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How (not) to bring psychology and biology together

Abstract

Evolutionary psychologists often try to “bring together” biology and psychology by making predictions about what specific psychological mechanisms exist from theories about what patterns of behaviour would have been adaptive in the EEA for humans. This paper shows that one of the deepest methodological generalities in evolutionary biology—that proximate explanations and ultimate explanations stand in a many-to-many relation—entails that this inferential strategy is unsound. Ultimate explanations almost never entail the truth of any particular proximate hypothesis. But of course it does not follow that there are no other ways of “bringing together” biology and psychology. Accordingly, this paper explores one other strategy for doing just that, the pursuit of a very specific kind of consilience. However, I argue that inferences reflecting the pursuit of this kind of consilience with the best available theories in contemporary evolutionary biology indicate that psychologists should have a preference for explanations of adaptive behavior in humans that refer to learning and other similarly malleable psychological mechanisms—and not modules or instincts or any other kind of relatively innate and relatively non-malleable psychological mechanism.

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Notes

  1. 1.

    Accordingly, one way of reading Darwin’s Origin is to see the point of chapter 1, “Variation under domestication”, being that artificial selection is a sufficient ultimate explanation of some kinds of speciation, and then that the argument in subsequent chapters is that natural selection provides an analogous ultimate explanation of species that are, to put it simply, not domesticated.

  2. 2.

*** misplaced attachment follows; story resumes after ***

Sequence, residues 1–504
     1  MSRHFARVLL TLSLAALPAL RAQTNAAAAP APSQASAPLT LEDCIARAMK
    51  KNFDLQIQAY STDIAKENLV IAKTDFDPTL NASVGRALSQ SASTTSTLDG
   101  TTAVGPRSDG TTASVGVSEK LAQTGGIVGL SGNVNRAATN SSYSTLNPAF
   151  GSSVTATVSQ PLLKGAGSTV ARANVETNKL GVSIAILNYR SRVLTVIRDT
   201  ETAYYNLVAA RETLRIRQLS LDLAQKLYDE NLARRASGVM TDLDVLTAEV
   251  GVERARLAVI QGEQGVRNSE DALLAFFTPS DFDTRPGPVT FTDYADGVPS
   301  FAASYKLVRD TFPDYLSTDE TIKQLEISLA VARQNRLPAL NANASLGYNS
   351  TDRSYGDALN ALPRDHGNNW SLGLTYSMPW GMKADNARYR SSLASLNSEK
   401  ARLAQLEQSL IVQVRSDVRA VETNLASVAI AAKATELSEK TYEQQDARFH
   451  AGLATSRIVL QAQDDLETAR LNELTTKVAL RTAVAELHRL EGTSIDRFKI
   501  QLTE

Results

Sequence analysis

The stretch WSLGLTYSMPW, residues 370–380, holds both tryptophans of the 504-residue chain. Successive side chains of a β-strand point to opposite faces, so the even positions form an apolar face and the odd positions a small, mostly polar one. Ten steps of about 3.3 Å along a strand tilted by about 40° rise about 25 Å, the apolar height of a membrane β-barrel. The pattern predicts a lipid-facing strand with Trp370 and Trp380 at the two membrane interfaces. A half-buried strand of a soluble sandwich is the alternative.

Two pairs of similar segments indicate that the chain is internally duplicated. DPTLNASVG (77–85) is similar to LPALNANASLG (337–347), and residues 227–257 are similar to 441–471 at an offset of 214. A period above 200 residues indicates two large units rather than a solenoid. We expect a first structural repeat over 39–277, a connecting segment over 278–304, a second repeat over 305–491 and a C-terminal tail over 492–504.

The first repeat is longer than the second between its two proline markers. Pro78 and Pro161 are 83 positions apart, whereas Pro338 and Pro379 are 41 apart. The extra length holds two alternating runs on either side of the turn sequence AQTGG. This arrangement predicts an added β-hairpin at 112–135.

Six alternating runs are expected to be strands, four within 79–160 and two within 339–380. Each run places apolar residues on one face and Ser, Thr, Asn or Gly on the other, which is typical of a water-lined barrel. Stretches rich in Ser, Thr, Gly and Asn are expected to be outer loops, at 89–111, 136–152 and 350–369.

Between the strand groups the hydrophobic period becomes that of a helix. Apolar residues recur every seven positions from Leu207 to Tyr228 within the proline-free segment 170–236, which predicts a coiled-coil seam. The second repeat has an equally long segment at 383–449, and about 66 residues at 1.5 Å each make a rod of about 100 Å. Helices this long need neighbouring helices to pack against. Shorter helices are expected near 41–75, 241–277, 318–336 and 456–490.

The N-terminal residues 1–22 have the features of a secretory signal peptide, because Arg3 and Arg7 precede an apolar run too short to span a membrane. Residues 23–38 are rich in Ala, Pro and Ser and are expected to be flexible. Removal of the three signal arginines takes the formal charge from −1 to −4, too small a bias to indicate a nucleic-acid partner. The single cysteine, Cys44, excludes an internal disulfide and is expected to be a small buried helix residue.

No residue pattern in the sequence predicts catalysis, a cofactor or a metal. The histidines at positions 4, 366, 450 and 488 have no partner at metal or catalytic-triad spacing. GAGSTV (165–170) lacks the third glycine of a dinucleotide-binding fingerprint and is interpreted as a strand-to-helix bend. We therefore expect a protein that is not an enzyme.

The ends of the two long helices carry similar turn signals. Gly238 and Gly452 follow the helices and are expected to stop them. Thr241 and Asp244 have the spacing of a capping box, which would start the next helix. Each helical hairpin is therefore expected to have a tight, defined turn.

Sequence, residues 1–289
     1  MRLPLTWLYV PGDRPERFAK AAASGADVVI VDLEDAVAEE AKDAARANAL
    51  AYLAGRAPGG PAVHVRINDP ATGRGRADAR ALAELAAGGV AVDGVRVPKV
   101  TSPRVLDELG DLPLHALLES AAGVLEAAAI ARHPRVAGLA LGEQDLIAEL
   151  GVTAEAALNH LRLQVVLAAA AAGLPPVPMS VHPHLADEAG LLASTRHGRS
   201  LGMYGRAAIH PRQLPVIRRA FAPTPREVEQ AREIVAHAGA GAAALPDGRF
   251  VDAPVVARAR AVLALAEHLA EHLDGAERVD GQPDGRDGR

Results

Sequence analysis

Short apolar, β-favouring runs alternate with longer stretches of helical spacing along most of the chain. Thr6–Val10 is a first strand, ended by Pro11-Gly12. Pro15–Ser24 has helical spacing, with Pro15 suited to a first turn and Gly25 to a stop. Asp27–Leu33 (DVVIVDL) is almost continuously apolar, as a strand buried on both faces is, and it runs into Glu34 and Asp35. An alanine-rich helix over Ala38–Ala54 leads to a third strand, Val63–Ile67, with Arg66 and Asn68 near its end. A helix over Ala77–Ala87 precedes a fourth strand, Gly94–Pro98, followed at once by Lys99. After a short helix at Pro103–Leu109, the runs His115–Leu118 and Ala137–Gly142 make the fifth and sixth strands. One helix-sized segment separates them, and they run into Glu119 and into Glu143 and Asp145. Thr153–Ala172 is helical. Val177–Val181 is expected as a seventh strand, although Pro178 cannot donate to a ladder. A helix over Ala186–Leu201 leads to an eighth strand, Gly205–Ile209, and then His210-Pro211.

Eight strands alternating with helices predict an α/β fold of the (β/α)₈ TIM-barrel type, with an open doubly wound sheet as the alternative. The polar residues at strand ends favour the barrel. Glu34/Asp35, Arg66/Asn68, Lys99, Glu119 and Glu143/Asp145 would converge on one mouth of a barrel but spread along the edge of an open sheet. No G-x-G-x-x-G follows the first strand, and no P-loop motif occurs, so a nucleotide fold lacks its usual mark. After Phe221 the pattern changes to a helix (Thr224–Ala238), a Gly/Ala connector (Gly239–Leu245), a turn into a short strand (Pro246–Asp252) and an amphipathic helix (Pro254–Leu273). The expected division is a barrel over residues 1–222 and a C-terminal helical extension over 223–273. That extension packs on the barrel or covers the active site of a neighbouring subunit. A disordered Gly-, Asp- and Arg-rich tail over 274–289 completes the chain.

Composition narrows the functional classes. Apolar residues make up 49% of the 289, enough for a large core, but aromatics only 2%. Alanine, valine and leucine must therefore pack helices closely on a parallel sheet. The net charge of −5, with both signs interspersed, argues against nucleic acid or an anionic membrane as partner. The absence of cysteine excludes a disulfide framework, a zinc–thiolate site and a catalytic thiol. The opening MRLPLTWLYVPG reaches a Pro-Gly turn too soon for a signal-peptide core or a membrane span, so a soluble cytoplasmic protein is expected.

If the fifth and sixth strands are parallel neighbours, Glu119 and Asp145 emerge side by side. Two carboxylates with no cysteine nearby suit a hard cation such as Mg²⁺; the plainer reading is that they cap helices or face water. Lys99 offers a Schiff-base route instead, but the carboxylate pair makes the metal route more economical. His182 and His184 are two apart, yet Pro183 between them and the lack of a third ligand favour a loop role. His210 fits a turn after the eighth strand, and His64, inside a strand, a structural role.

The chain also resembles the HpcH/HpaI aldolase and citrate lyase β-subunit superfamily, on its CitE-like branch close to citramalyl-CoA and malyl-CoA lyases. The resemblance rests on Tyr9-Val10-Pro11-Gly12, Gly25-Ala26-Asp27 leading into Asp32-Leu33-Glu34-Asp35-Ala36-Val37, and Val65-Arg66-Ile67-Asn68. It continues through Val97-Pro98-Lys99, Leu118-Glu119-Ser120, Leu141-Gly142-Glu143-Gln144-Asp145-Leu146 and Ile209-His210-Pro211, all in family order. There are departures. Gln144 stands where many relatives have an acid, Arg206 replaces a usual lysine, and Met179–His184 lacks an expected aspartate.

There is also an important caveat to the claim that, generally, true ultimate explanations do not entail the truth of any particular proximate explanations. For, if some particular pattern of adaptive behaviour did occur in the history of some organism, then it does follow, in a trivial sense, that the organism either has, or at least had, some psychological (or some other kind of proximate) mechanism that has (or had) the function of being able to cause the relevant pattern of behaviour. But it does not follow from this that there is a psychological (or proximate) mechanism the only function of which is to produce the relevant behaviour, since many different psychological mechanisms can satisfy such a functional description. For, again, it is a truism that, if an organism is able to produce a pattern of behaviour B, then some part of it has the function of being able to produce B. Call whatever has this function trait T. Now, note the language used to talk about T does not indicate whether or not T has any other functions. So T could of course be a psychological module, in which case its only significant function may be to produce behaviour B and it is also true that the possession of T is relatively innate and non-malleable. But T could also be information that was acquired from one-off peer learning, in which case its only function may be to produce B, and yet in this case the possession of T is extremely context dependent. What’s more, T could also be a domain-general psychological faculty, or even a system of faculties. In this case the total functional description of T would include the ability to cause B along with a host of other causal functions; indeed, this list might be infinitely long for a sufficiently complex system. These three different (types of) psychological mechanisms—a module, contextually-acquired information, and domain-general faculties or systems—can all be said to have the function being able to produce B. For this reason, it would be a mistake to infer that any specific proximate conclusions follow from the trivial fact that, if behaviour B was produced by an organism, some part of the organism has the functional ability to cause B.

  3. 3.

    That is, at least until the emergence of evolutionary developmental biology. Importantly, the field’s leading journal, Evolution and Development, was founded in 1999.

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Acknowledgments

Thanks to the following for their helpful comments, criticisms, questions, and in one particular case, for several very good ideas too: Amy Allcock, Richard Boyd, Barbara Koslowski, Jane Dryden, Kate Cober, Robbie Moser, Roopen Majithia, Tamar Kushnir, and several anonymous referees.

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Correspondence to Mark Fedyk.

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Fedyk, M. How (not) to bring psychology and biology together. Philos Stud 172, 949–967 (2015). https://doi.org/10.1007/s11098-014-0297-9

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Keywords

  • Evolutionary perspective
  • Ultimate explanations
  • Proximate explanations
  • Consilience
  • Evolutionary psychology